Pokémon Go, the new mobile game which was released for Android and iOS devices less than a week ago, is making a bit of a comeback with a bang! We have read lots of stories of people hunting down Pokémon on their office desks, in hospital rooms, and even in bathrooms. There is a somewhat unbelievable story how the hunt for Pokémon has led to painful discoveries.
Developed by a spinoff Google startup Niantic, the Nintendo-owned franchise, which exploded in popularity in the late 1990s, is again taking America by storm — this time through Pokémon Go, the new augmented reality (AR) game. It’s popularity is such that it’s on the verge of overtaking Twitter in terms of daily active users on Android.
Wait! What is Pokémon Go?
In case you are wondering or haven’t been bothered to care just yet, Pokémon Go is a free to play GPS enabled mobile game. Players have to find, capture, and train virtual Pokémon which are found, not in the game, but in the real world – hence the augmented reality (AR) aspect.
Players have to literally walk or run to the places where the Pokémon are and through an AR interface, they can use their phones as the lens to find the Pokémon. There’s also an option to use a wearable called a Pokémon Go Pus which gives off a vibrating alert when there’s Pokémon activity in the area.
Pokémon is a Nintendo franchise that launched in the 1990s. In its world, “trainers” travel the world to catch varied monsters called Pokémon — rats, dragons, swordlike creatures, and more — and use these critters to fight each other. The trainer’s goal is to catch “catch ’em all,” as the franchise’s slogan suggests, and become a Pokémon master by defeating prestigious trainers known as gym leaders and Elite Four.
Pokémon Go is the latest iteration of this franchise. But unlike previous games, it’s not for Nintendo’s handheld consoles; it’s a free download for Android and iOS devices. It also doesn’t play at all like previous Pokémon games: Although the goal is still to catch ’em all, Pokémon Go is an augmented reality game — it mixes real-world elements with the game.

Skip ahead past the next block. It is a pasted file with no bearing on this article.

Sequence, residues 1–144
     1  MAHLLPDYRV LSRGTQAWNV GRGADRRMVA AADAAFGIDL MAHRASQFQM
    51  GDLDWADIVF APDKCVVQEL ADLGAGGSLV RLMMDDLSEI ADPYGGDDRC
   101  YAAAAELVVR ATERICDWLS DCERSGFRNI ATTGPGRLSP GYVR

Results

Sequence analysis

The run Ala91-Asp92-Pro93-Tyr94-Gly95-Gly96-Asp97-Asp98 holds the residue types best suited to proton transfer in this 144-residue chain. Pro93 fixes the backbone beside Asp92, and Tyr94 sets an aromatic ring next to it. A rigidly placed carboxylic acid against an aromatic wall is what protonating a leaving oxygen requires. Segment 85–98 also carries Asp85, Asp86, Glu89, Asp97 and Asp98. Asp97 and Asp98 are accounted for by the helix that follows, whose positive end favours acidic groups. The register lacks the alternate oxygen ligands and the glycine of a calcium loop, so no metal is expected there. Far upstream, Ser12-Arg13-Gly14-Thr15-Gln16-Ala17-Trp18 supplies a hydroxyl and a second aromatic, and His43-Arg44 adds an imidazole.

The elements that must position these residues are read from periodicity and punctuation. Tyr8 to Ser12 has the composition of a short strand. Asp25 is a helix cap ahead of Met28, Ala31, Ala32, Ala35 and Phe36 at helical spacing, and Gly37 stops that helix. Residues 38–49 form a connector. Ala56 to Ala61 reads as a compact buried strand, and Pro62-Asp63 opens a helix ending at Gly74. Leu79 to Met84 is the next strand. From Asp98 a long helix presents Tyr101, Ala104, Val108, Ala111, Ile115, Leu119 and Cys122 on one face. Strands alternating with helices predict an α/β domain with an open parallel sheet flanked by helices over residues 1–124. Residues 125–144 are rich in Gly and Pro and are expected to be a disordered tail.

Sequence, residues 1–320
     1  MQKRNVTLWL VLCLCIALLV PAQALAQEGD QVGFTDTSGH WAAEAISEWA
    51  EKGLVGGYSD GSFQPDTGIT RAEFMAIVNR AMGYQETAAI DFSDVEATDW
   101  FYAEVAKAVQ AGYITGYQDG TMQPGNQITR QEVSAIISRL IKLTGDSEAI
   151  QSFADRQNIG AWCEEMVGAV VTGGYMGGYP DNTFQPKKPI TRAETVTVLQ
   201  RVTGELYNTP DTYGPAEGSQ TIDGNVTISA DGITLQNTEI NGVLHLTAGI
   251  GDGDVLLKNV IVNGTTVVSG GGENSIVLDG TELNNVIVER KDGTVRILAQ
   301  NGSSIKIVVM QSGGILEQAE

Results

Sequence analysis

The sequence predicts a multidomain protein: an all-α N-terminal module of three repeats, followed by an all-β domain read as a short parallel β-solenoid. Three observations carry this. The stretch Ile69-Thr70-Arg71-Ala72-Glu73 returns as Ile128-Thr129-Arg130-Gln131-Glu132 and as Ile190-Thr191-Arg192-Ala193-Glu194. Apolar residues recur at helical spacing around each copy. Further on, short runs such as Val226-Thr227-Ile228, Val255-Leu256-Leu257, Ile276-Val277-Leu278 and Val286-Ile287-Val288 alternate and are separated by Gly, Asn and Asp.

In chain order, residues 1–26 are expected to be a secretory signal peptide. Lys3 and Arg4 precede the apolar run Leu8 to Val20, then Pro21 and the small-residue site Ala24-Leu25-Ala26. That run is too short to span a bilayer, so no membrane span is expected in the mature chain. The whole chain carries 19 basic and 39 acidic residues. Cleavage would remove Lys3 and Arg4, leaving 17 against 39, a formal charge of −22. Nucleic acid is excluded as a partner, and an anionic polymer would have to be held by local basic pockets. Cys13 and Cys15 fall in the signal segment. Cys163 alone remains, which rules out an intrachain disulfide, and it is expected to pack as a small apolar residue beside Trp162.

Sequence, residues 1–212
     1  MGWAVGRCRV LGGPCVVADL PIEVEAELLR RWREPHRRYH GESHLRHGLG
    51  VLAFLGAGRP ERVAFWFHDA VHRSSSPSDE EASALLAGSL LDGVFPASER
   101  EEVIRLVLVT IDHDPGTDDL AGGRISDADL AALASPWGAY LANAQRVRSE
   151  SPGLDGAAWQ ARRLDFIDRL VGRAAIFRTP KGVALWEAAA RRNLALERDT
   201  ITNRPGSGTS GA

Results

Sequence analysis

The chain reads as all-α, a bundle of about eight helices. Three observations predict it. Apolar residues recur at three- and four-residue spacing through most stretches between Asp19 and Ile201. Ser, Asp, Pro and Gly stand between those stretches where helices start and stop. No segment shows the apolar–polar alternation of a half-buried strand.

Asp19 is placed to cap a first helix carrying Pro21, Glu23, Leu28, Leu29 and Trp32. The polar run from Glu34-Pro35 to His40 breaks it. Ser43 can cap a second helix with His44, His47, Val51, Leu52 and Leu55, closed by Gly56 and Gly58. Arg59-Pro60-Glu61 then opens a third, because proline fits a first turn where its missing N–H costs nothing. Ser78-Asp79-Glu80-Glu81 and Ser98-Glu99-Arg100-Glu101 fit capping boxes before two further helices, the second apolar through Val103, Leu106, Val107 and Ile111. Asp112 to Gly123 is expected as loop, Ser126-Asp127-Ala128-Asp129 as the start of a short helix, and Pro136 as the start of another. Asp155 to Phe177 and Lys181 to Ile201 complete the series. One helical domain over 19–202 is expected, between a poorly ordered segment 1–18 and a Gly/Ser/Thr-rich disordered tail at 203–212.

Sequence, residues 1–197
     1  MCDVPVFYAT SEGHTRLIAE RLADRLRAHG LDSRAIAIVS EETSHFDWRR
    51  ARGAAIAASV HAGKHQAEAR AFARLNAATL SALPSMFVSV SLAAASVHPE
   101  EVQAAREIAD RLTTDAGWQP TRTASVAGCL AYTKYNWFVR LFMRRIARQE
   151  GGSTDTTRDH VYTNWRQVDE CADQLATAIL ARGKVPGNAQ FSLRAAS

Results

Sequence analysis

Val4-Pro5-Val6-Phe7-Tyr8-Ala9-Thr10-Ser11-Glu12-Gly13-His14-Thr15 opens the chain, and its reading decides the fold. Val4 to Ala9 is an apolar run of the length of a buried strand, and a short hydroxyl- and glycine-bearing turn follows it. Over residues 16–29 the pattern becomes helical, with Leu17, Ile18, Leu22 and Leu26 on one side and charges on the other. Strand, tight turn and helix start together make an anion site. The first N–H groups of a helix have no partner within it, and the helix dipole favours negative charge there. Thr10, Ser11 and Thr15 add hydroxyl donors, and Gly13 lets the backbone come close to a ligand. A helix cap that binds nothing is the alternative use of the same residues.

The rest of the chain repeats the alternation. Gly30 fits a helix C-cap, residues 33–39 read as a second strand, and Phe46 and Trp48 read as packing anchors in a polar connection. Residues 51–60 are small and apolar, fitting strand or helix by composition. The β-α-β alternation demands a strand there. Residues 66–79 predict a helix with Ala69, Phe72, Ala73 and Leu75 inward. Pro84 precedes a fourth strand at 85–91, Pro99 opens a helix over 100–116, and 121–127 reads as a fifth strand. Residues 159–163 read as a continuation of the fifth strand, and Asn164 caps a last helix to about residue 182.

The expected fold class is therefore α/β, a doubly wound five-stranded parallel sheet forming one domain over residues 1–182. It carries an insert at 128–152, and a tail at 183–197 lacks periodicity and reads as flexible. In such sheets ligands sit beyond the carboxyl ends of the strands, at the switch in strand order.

Little monsters making a big impression
Since it’s launch Pokémon Go has topped the download charts for both iOS and Android (it has over 2 million downloads on iOS), dominating in the markets where it has been officially introduced (USA, Australia, New Zealand).
It has also reportedly surpassed daily active user percentage numbers for apps like Tinder and generated over $1,6 million in in-app purchases (that’s its primary revenue stream).
It’s biggest number yet – Pokémon Go boosted the share price of Nintendo, the gaming giant that is a partner in the Pokémon Company which owns the Pokémon franchise, by $9 billion.
Not just a fad but the mark of a new era
Like every other new app/tech sensation, it’s quite possible that this could be another fad. The millions of users it’s gathering could just give up on it after a while. Something on mobile no matter how captivating has a lot to fight just to get attention.
However, the massive adoption of AR and users’ response is the most notable thing here.
An introduction of a new content delivery paradigm that requires just a mobile device which everyone will have in the digital era could be a gateway to other ideas for gaming, entertainment and problem solving.
All eyes are already on products like Microsoft’s HoloLens which integrates VR and AR on a Windows platform that could be used for productivity and learning environments.
It’s also exciting because it’s the first big augmented reality game. Although others (like Ingress and Life Is Crime) tried before, none reached the heights of Pokémon Go. But with Pokémon Go’s success, it’s something you can expect more of in the future.
While we expect Nintendo NX to launc in March 2017 globally, the massive interest shown in AR by Pokémon Go will likely justify greater investment that could have an impact on a faster roll-out to a global market.